Purdue students and other members of the Greater Lafayette community showed their solidarity for the crisis in Palestine on Tuesday, holding a rally on the steps of Hovde Hall and marching across campus. 

Roughly 30 people marched, chanted and spoke out against injustice facing the Palestinian people.

"Justice must be served, and it will be served," Arwa Raui, the organizer of the event, yelled into the small crowd.

The Israeli-Palestinian crisis has resurfaced in the news recently, as Israel's attacks on Palestinian civilians have become more blatant. Palestine is an independent state within Israel, made up of the Gaza Strip and the West Bank. The conflict began when the British took control of area west of Jordan following World War I, according to the BBC. The land was inhabited by a Jewish minority and an Arab majority. More Jewish people fled to the area in the next two decades as refugees of WWII.

When the British rulers left in 1948, Jewish leaders declared the creation of the state of Israel after a 1947 UN vote to split the land.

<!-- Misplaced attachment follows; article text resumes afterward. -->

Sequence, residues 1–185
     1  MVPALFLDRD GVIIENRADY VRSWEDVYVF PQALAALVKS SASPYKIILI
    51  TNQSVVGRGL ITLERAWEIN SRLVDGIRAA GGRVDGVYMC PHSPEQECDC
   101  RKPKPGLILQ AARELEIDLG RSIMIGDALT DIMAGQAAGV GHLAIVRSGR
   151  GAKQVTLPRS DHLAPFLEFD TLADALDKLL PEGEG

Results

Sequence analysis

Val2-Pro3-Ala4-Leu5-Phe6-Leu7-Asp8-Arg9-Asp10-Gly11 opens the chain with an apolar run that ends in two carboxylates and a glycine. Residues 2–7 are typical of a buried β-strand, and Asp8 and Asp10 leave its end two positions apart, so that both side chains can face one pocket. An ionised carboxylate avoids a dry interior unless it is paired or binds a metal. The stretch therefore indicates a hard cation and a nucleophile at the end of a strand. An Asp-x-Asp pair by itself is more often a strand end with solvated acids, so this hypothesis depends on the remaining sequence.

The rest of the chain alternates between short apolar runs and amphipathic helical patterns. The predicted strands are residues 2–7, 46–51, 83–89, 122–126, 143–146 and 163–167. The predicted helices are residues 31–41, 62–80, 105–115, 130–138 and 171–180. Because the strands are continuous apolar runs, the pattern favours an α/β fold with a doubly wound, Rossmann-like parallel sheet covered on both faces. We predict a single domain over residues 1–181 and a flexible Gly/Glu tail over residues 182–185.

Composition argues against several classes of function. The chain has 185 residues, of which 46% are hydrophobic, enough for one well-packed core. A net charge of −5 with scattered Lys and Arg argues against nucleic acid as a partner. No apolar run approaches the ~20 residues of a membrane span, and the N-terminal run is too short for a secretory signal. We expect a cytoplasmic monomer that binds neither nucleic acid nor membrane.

What followed was an attack on Palestinian people, which included forcied evictions and genocide lasting decades. For the past 15 days, Israeli police have been forcing evictions on Palestinian people in the neighborhoods of Silwan and Sheikh Jarrah in Jerusalem, according to reporting by the BBC. Israel's military force has been dropping bombs on the Gaza Strip for the same amount of time, according to CNN. 

Pravina Ravi, a recent Purdue graduate, held a sign that read: "Save Sheik Jarrah." 

"Palestinians are out there with nothing but rocks and their hearts, and Israel is literally a nuclear state," she said. "It's not a 50-50 issue.

"People are dying, so that's why I felt strongly enough to come out here."

After standing on the steps of Hovde for a moment of silence, the group formed a circle, and a few people took turns speaking. 

There is no negotiation with ethnic cleansing," sophomore Nate Nauman said. "You can make small changes through reform, but it takes revolution to uproot a system of injustice."

Nauman held a sign that read: "END ZIONISM. ISRAEL = NEW NAZIS."

Zionism is the movement for the reestablishment and protection of the Jewish state of Israel. 

After speaking in a circle for just over 15 minutes, the group spent 20 more marching around campus before reconvening at Hovde. They began to disperse around 6:30 p.m.

Read our print edition Thursday for the full story. 

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